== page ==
The new wave of populism that has emerged over the last five years in Europe and in the US urgently needs to be better understood in a comparative and historical context. Using Italy – including the experiment of a self-styled populist coalition government – as a case study, this book investigates how populists in power borrow, use and manipulate categories of constitutional theory and instruments of constitutional law. Giuseppe Martinico goes beyond treating constitutionalism and populism as purely antithetical to dive deeply into the impact of populism on the activity of some instruments of constitutional democracy, endeavoring to explore their role as possible fora of populist claims and targets of populist attacks. Most importantly, he points to ways in which constitutional democracies can channel populist claims without jeopardizing the legacy of post-World War II constitutionalism. This book is aimed at academics and practicing lawyers interested in populism and comparative constitutional law.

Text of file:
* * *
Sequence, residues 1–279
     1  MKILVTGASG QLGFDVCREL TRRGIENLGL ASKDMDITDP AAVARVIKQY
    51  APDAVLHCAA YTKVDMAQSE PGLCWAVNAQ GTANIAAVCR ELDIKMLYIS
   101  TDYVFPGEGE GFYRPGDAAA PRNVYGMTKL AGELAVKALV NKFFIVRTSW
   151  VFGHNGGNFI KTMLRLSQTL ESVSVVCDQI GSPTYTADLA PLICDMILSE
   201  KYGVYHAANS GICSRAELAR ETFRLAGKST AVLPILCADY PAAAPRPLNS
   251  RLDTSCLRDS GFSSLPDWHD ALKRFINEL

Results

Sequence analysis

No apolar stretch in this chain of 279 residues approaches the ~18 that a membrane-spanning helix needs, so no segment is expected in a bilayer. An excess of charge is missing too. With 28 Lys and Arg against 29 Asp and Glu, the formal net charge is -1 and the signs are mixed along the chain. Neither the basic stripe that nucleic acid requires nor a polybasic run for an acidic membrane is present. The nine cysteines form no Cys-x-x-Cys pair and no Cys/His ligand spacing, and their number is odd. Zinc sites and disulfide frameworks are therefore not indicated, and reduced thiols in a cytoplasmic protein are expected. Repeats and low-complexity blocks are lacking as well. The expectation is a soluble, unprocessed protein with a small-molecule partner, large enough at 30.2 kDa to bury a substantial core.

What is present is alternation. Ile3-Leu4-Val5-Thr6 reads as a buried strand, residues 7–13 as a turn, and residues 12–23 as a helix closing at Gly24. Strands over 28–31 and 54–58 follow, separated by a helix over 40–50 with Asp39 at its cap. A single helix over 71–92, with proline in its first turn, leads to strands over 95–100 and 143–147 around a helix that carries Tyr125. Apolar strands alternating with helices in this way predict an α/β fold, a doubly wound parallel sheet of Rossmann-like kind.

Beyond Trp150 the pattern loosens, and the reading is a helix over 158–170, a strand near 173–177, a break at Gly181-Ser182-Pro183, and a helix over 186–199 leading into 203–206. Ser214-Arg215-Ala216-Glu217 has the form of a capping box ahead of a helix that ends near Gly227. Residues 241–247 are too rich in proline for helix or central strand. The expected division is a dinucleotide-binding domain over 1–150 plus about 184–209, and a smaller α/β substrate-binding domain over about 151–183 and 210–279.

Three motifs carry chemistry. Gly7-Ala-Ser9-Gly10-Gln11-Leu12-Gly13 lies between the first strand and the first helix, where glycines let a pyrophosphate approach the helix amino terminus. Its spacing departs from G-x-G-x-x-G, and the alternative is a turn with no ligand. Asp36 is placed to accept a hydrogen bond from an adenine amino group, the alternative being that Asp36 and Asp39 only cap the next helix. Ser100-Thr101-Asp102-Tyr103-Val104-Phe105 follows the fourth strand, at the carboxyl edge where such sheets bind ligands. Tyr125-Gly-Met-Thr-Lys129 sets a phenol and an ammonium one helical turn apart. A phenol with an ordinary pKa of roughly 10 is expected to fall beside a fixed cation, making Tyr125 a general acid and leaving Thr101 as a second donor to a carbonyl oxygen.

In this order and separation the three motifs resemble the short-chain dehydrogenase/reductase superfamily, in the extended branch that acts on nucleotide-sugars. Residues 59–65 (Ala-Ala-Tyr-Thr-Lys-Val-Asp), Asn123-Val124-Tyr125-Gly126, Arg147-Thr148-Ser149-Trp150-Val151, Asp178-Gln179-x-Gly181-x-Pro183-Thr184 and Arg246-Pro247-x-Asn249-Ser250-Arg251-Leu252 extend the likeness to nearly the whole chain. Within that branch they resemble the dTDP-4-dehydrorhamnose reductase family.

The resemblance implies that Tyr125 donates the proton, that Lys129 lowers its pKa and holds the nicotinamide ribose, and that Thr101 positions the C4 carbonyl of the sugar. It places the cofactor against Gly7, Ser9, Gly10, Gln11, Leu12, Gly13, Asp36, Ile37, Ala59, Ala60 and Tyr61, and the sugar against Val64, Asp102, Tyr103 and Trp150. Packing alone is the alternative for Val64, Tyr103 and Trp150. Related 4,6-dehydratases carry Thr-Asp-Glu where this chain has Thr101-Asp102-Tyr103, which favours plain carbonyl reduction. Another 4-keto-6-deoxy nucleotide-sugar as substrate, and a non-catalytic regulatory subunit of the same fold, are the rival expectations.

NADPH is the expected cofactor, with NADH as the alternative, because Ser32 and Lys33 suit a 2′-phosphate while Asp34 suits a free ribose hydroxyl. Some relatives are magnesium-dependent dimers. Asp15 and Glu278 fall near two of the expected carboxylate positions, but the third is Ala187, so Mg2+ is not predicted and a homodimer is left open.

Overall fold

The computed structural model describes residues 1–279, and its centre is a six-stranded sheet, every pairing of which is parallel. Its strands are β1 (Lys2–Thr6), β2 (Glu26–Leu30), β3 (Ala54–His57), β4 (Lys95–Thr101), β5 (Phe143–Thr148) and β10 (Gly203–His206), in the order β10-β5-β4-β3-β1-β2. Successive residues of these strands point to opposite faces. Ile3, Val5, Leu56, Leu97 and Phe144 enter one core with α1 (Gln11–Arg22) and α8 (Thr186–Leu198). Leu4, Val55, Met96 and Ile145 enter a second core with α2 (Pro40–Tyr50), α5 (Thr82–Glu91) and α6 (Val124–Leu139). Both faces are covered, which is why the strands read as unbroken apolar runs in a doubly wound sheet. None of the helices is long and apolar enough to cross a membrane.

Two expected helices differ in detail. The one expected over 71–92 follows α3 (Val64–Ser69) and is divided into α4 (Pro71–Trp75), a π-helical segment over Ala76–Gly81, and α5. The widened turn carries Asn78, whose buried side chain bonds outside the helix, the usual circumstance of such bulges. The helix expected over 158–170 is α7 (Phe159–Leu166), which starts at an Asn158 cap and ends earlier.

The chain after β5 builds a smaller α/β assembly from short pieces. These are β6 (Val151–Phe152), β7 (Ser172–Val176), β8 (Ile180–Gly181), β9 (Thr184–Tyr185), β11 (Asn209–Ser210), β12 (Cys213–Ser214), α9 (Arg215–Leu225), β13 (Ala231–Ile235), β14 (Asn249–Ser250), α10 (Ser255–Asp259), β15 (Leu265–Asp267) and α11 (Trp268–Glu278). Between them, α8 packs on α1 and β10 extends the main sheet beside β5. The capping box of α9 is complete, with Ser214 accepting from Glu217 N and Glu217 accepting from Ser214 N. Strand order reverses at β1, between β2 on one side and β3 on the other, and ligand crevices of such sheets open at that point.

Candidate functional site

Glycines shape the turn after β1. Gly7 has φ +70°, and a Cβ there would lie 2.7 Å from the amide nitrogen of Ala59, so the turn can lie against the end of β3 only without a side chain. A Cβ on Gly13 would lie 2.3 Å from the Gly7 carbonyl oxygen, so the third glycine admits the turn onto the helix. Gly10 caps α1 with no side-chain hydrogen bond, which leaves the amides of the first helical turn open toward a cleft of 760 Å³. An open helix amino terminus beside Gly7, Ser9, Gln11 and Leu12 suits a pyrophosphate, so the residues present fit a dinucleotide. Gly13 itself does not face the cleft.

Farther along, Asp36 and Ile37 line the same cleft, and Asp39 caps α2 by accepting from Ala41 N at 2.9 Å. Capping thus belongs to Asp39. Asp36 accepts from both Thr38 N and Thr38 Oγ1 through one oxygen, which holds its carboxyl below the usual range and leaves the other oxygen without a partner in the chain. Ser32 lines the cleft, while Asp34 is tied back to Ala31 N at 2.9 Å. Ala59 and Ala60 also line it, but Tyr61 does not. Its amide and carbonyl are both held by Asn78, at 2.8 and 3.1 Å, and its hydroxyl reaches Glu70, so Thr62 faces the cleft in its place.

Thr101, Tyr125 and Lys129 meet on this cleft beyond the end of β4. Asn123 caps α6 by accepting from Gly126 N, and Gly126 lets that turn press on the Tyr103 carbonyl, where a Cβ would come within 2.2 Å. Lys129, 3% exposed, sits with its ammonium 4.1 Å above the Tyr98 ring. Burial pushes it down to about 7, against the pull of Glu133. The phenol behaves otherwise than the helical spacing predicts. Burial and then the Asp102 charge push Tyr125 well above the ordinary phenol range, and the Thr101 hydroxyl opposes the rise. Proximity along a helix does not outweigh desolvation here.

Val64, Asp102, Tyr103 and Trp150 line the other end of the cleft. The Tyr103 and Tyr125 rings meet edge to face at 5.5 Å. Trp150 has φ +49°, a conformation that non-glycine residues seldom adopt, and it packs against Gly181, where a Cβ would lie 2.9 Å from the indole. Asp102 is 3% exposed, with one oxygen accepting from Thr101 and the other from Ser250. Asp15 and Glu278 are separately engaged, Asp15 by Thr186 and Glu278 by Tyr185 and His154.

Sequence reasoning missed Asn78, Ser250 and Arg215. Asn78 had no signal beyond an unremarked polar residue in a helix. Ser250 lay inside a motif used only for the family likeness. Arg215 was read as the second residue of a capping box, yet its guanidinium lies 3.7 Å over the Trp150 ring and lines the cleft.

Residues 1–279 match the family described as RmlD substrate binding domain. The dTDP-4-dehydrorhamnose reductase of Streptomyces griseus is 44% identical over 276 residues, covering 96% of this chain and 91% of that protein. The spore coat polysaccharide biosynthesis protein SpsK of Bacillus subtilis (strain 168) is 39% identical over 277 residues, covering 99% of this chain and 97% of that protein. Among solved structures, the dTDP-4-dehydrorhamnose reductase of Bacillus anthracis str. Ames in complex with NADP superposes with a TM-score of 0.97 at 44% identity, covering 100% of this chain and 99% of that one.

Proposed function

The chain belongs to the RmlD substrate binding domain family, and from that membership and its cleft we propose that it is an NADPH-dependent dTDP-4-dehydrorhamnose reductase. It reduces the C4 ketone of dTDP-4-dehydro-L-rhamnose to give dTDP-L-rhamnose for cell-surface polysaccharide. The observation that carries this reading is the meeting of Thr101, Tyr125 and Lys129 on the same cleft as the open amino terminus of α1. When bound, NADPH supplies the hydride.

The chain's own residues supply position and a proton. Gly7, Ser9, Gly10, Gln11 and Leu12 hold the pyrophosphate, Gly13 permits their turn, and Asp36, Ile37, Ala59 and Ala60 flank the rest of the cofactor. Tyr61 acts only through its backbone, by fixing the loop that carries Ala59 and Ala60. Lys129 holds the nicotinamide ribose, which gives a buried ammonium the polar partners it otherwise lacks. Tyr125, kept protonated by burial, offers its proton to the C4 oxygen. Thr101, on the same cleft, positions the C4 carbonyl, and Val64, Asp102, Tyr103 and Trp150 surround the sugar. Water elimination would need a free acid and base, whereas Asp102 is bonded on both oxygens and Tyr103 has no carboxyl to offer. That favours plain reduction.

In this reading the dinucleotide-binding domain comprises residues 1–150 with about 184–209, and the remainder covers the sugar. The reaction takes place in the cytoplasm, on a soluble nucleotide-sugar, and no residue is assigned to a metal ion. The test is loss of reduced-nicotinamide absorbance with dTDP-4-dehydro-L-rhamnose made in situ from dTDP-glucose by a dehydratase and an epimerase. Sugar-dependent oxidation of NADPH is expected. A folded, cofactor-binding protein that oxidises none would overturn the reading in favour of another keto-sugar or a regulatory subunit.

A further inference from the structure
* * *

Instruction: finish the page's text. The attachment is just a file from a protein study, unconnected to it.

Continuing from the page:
About the Speaker:
Giuseppe Martinico is Full Professor of Comparative Public law at the Scuola Superiore Sant’Anna, Pisa. Previously he worked as a Lecturer in Constitutional law and as an Associate Professor of Comparative Law in the same institution.
Prior to joining the Scuola Sant’Anna, he was García Pelayo Fellow at the Centro de EstudiosPoliticos y Constitucionales (CEPC), Madrid and Max Weber Fellow at the European University Institute, Florence. Giuseppe got a PhD in Law from the Scuola Superiore Sant`Anna (Sant’Anna School of Advanced Studies), Pisa, Italy, where he also conducted two years of post-doctoral research. In Pisa he also serves as STALS Editor.
He has also held the position of visiting researcher at the University of Barcelona, Université de Montréal, University of Geneva, King’s College, London, and the Tilburg Institute of Comparative and Transnational Law (TICOM).